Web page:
Once the existing agreement is further expanded it will help India as Chile is a member of the Pacific Alliance.
India and South American nation Chile meet in New Delhi seeking further expansion of the existing Preferential Trade Agreement (PTA).
Confirming this, ambassador of Chile to India Juan Angulo Monsalve said that “The two day negotiations which are going to conclude on Wednesday are focusing on liberalizing 80-90 per cent tariff lines. And to exchange a list of the products.”
The two countries have already signed the terms of reference. And the Chilean side is keen on including goods and services in the further expanded agreement when it will be concluded.
According to the envoy, the talks are on track to further expand the present PTA which is already operational as the idea is to expand the trade basket and to add more products.
Both sides are talking about issues related not only to the inclusion of more tariff lines/ increasing Margin of Preference (MoP), but also trade in goods, SPS/TBT, Customs, and Rules of Origin, which is in the PTA between the two sides.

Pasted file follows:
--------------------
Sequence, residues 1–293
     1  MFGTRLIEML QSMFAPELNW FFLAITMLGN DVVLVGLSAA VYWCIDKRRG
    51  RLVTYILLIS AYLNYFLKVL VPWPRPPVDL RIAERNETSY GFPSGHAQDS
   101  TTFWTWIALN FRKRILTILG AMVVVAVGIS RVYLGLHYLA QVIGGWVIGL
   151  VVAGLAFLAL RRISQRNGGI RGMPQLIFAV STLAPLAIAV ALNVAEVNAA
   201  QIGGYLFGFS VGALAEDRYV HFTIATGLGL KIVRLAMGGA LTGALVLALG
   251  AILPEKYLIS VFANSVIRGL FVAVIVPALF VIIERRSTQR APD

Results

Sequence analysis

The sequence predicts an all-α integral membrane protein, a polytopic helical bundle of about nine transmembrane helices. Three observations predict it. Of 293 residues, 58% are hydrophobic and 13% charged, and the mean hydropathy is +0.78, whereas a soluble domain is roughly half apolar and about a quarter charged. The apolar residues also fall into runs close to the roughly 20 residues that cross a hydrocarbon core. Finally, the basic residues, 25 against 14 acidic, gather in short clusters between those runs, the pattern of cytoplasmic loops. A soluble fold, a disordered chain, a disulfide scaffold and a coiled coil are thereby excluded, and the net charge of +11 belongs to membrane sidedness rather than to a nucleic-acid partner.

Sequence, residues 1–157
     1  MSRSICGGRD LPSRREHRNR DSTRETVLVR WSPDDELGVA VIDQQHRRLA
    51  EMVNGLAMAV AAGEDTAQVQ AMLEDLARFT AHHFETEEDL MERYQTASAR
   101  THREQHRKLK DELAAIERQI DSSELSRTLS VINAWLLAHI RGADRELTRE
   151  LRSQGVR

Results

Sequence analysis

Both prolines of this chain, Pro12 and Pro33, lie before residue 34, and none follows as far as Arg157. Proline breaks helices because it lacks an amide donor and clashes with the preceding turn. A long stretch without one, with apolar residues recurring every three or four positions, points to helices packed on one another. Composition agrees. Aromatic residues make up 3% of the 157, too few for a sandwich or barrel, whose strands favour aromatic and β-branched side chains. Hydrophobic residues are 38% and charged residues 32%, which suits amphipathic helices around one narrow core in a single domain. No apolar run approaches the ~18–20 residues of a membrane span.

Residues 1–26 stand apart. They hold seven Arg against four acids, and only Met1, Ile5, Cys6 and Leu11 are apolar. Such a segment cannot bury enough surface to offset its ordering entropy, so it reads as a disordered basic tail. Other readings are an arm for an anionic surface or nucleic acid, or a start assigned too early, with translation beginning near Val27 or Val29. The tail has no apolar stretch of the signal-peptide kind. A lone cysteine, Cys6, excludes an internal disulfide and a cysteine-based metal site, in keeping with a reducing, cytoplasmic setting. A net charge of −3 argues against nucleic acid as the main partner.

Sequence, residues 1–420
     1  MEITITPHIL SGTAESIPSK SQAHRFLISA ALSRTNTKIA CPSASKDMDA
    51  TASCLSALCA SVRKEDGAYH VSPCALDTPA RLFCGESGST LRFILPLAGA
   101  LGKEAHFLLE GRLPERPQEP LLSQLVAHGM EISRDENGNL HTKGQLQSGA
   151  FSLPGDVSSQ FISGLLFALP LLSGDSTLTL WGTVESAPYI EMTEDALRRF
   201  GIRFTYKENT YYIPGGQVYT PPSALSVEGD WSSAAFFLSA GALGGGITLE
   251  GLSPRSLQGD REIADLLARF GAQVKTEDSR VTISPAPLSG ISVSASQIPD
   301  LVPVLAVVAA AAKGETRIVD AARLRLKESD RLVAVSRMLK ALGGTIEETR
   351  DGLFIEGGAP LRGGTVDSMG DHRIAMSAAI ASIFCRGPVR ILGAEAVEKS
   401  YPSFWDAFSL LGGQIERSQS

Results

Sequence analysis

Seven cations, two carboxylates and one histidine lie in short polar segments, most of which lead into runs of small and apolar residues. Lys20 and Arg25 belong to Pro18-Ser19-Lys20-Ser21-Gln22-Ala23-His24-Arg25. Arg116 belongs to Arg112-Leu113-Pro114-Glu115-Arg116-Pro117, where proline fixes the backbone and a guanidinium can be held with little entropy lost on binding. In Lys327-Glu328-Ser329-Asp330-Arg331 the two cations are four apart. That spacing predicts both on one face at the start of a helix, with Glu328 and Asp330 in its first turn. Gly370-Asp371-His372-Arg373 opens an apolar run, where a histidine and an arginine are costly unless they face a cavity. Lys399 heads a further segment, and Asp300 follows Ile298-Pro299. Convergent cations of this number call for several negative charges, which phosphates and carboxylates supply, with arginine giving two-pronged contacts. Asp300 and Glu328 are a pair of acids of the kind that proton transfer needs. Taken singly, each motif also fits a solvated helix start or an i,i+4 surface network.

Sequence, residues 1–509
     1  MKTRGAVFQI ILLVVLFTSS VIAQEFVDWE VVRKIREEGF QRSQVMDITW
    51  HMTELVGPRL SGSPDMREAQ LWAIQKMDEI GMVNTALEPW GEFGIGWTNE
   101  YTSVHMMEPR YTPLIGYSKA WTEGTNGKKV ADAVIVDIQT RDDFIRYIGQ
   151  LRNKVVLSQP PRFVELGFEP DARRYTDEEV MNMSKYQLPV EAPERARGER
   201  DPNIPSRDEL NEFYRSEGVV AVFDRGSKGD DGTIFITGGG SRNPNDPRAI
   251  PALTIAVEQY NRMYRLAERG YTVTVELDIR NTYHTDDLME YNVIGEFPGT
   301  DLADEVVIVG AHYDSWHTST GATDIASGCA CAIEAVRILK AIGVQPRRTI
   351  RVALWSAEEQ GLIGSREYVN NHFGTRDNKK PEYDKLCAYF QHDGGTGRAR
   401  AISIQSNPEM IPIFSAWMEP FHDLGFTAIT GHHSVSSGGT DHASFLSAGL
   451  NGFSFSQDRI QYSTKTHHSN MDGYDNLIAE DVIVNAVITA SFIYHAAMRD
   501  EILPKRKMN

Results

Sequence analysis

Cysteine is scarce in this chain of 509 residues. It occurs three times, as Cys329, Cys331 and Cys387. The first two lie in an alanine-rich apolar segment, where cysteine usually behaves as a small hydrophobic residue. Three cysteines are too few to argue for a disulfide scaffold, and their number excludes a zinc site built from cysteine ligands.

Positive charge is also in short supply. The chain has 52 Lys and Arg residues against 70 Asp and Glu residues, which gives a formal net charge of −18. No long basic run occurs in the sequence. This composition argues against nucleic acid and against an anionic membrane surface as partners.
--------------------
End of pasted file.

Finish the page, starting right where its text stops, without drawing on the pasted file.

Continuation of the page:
Once the existing agreement is further expanded it will help India as Chile is a member of the Pacific Alliance. India is an observer in the grouping and this will help in deepening cooperation with the emerging bloc.
What is there in the operational PTA?
India has hiked concessions to Chile from 178 to 1031 tariff lines. And Chile on its part has given 1784 tariff lines at 8-digit HS code 2012.
The two countries have been gradually expanding their trade basket which is beyond the rare mineral Lithium. India is looking at copper and gold and the exports from the South American country includes copper ores, Molybdenum ores, fresh fruits like apples, blueberries, grapes, pears, etc.
And India has been exporting leather, textiles, automobiles, pharmaceuticals, chemicals, among other products which are diverse in nature.
When was the first PTA signed?
The first trade agreement between the two countries was signed in 2006 which became operational in 2007. In this first agreement, the tariff concessions were offered on a limited number of products.
This was then expanded after almost ten years of several rounds of negotiations in 2017, which helped in increasing the bilateral trade between the two countries.
From the Indian side, tariff concessions have been offered on products including leather products, iodine, meat and fish products, iodine, and industrial products. Concessions on agricultural, chemicals and pharmaceuticals products, also on dyes and resins have been offered by the South American nation.